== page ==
B2 High-Intermediate US 1325 Folder Collection
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If you’re watching local news right now, it’s hard to avoid stories like this one:
"A clown started chasing us up here."
"On Facebook they said there was killer clowns around here that were killing people."
We saw a man with all black on, clown mask on, and like a red wig.
This wave of clown panic started in late August, when police in South Carolina received reports
about a suspicious character dressed as a clown who was trying to get children to follow
them into the woods.
Residents reportedly took matters into their own hands and began firing shots into the woods.
“We do know that it’s striking fear among members of our public.
And so we have patrols out in each of these areas and wherever we think we might anticipate that person.
We've added patrols to see if we can intercept the person and the activity."
Since then, police around the country have been inundated with complaints about clown
sightings, and prank calls falsely reporting sightings.
Residents in some communities are asking if they’re allowed to shoot clowns on site.
“You’re under arrest for disorderly conduct."
"I was not scaring nobody, I promise you."
"Alright, how did we get a 911 call?"
"I just came out the door, I swear."
As you can hear the police officer saying, the arrests are usually made for disorderly
conduct, though some states also have anti-mask laws that prevent people from concealing their
identities in public.
The consequences of these copy-cat pranks are playing out in a very real way.
Schools in several states have been put on lockdown after threats from people posing
as clowns on social media and word-of-mouth reports of clown sightings.
On top of that, one student in Georgia was arrested for bringing a knife to school to
defend herself against clowns, and another in Virginia was arrested for posting a request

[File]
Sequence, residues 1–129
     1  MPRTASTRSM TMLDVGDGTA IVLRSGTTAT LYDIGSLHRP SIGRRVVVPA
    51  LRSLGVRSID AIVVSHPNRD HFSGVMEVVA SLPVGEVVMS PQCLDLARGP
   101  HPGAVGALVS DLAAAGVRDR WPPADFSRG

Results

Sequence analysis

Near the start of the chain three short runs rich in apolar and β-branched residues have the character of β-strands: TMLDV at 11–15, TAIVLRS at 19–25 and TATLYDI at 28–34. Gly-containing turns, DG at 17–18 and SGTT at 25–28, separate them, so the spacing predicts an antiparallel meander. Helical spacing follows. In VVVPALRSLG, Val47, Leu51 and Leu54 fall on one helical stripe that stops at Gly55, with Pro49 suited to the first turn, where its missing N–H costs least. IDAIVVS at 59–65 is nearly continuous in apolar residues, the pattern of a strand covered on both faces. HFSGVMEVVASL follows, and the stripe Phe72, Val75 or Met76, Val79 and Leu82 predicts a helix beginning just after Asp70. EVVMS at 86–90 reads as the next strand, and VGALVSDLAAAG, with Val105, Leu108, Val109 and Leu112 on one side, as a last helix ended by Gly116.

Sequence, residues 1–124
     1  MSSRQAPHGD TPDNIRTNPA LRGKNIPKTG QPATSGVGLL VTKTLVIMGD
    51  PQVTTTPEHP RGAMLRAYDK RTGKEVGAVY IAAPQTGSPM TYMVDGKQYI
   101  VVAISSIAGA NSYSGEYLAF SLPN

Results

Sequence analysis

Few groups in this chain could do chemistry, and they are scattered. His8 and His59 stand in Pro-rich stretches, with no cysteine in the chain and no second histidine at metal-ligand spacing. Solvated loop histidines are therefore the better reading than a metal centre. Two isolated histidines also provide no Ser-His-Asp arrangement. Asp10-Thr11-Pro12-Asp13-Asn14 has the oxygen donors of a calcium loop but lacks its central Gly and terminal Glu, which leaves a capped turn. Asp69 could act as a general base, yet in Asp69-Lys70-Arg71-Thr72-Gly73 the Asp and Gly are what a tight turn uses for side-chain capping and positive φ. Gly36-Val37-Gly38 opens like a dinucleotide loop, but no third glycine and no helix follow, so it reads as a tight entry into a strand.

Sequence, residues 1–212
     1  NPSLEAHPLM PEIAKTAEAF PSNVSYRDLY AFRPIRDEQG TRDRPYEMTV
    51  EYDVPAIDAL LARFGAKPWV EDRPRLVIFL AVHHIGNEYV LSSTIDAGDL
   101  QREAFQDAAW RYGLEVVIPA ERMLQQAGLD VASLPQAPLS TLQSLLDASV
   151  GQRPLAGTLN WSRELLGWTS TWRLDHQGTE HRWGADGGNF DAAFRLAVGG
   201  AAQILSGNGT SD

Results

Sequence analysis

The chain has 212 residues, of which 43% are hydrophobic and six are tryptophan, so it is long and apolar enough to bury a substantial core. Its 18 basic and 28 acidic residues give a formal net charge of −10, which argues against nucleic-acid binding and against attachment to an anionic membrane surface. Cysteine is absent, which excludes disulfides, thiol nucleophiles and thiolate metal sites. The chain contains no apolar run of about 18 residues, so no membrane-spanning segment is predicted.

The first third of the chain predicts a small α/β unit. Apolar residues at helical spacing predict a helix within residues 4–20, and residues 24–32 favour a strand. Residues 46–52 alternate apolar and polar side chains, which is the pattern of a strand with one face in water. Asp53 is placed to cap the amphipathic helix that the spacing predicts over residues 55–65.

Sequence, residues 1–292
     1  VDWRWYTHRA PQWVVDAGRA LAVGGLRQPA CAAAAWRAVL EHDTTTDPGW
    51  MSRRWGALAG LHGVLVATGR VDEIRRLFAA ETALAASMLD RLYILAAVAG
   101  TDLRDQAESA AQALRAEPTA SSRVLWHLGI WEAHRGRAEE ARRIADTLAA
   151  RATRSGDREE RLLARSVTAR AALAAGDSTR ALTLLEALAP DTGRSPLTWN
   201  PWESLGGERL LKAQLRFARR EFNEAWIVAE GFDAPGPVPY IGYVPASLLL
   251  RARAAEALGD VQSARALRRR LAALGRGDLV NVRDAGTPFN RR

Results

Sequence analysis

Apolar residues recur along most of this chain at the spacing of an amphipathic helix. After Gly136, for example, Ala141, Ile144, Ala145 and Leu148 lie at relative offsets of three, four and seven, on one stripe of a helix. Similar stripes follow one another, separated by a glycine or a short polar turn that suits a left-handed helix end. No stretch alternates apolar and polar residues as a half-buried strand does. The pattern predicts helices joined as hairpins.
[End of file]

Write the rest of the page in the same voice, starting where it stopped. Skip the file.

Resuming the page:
on social media for a clown to kill her teacher.
At Penn State, hundreds of students flooded the streets in search of clowns that had allegedly
been seen around campus — though police reported that there were no credible sightings
or threats.
Turns out the clown backlash may be more dangerous than the pranksters themselves.
At the end of September, a 16-year-old who was allegedly scaring neighborhood kids while
wearing a clown mask was stabbed to death after a confrontation.
Now, this isn’t the first time things like this have happened.
As recently as 2014 there was a similar clown craze in the U.S. that became a small social
media trend and spread to France.
But the roots of people dressing up as clowns as a prank are a lot older than social media.
In 1981 in neighborhoods around Boston, police received over 20 calls about children having
seen mysterious clowns.
Local schools panicked.
Police questioned a clown they believed to be the one children had seen, only to find
that he had just been making rounds to department stores as part of his job.
A few days later, police in Kansas City were flooded with an estimated 60 to 100 calls
about a “demon clown” scaring children, armed with a knife.
Parents were on edge after a local parochial school sent home a note warning them about
a “killer clown” — but police weren’t able to find any real threat, and blamed the
hype on prank calls and children’s imaginations.
Now, all of this happened just a year after John Wayne Gacy was charged with the murders
of 33 people, mostly adolescents, committed over the course of the previous decade.
Gacy worked as a clown for charity — so there was a lot of preexisting fear around
this image of a dangerous clown.
And for the next 25 years, appearances kept happening.
East Chicago in 1991
Washington DC in 1994, South Brunswick in 1997.
When you think about what first made people afraid of clowns, it’s tempting to pin it
to Gacy or movies like “It,” “Poltergeist,” and “Killer Klowns from Outer Space”.